It is also reasonble to want to implement constructor dependency in your services, so that they instantiated with any required dependencies.

I will now demonstrate a technique to enable Unity IOC for WCF services that enables the use of WCF lifetime managed objects and service dependency injection. The first item of code is the ServiceLocatorServiceInstanceProvider class. This is an implementation of System.ServiceModel.Dispatcher.IInstanceProvider, which is called by the WCF dispatcher to provide an instance of the specified service type.

Note that this is not Unity specific – it uses the common ServiceLocator API to resolve the service type

public class ServiceLocatorServiceInstanceProvider : IInstanceProvider{
  private readonly Type serviceType;

  public ServiceLocatorServiceInstanceProvider(Type serviceType){
    this.serviceType = serviceType;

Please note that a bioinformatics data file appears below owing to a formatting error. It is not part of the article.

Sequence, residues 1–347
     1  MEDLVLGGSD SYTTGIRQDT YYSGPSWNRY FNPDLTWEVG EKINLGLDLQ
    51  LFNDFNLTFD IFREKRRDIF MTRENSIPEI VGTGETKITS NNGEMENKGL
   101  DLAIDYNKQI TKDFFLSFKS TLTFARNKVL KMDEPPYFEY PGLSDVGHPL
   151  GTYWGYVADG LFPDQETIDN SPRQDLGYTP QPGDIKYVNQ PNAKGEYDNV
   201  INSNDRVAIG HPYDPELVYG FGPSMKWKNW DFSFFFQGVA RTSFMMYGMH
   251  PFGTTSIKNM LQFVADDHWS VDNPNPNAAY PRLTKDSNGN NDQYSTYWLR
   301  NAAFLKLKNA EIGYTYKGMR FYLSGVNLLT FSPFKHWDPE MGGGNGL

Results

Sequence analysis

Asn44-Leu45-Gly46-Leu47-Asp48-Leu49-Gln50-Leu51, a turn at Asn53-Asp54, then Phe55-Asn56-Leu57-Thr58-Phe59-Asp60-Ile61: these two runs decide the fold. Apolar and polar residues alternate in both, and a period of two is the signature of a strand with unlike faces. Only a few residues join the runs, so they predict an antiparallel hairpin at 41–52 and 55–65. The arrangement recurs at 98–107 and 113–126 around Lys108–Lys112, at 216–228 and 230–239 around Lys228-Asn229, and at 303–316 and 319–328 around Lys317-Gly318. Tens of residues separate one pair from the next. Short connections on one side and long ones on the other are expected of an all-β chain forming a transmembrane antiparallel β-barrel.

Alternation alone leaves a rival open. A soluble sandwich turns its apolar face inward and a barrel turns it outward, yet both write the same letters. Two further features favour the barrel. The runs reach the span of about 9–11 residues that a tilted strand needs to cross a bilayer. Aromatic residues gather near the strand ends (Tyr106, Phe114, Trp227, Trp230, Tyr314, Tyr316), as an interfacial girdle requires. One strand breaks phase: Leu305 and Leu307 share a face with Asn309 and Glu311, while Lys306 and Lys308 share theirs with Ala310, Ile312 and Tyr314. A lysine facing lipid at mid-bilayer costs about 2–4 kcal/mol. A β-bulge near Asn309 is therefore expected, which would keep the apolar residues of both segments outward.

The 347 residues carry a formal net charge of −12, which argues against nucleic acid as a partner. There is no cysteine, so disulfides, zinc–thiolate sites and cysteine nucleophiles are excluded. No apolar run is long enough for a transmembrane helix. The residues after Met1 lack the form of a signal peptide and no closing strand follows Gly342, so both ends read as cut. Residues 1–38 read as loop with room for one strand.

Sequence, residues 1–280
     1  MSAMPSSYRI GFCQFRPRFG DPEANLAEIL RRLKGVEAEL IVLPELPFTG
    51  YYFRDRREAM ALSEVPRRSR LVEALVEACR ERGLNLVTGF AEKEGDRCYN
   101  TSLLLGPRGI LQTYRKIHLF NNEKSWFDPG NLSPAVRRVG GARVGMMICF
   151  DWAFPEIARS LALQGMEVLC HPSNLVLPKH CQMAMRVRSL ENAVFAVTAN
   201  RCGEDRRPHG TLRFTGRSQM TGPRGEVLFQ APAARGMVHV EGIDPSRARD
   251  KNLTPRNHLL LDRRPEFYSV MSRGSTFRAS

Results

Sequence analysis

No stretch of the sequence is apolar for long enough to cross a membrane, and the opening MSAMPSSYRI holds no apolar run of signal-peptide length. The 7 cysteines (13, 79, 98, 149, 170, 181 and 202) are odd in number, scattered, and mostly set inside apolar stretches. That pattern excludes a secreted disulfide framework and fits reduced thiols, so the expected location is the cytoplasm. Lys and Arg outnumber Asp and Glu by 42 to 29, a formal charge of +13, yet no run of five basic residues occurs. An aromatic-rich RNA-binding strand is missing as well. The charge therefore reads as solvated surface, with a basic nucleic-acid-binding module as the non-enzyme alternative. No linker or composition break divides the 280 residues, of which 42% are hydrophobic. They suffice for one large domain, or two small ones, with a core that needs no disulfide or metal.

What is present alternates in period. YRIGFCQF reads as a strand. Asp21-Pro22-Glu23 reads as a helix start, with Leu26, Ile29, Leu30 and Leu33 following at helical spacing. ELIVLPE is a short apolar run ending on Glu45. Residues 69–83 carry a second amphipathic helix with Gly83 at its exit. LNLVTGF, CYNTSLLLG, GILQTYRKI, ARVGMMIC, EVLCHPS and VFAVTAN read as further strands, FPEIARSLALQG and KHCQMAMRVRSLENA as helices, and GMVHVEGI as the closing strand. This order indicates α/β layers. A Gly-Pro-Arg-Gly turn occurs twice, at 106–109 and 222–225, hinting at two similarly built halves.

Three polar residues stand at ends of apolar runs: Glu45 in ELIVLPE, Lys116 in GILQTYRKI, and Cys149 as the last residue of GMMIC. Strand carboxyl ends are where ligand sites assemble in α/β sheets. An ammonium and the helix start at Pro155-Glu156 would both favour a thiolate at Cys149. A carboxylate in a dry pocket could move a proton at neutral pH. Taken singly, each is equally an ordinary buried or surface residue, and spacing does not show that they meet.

public object GetInstance(
                System.ServiceModel.InstanceContext instanceContext,
                System.ServiceModel.Channels.Message message){
     return GetInstance(instanceContext);

  public object GetInstance(System.ServiceModel.InstanceContext instanceContext){
    return ServiceLocator.Current.GetInstance(serviceType);

  public void ReleaseInstance(System.ServiceModel.InstanceContext instanceContext, 
                                                                 object instance){
      //nothing to do


To apply the provider, I’ve create a ServiceLocatorServiceBehavior class as follows. Again, this is not coupled to Unity – you could implement this class using Stucturemap or Unity with the appropriate derivation. Please note

  • The InstanceProvider on each dispatcher is set to an instance of ServiceLocatorServiceInstanceProvider for the specified service.
  • The IDispatchMessageInspectors are retrived from the container to add to the dispatch runtime.
public abstract class ServiceLocatorServiceBehavior: Attribute, IServiceBehavior{
  public void AddBindingParameters(ServiceDescription serviceDescription,
                System.ServiceModel.ServiceHostBase serviceHostBase,
                System.Collections.ObjectModel.Collection<ServiceEndpoint> endpoints,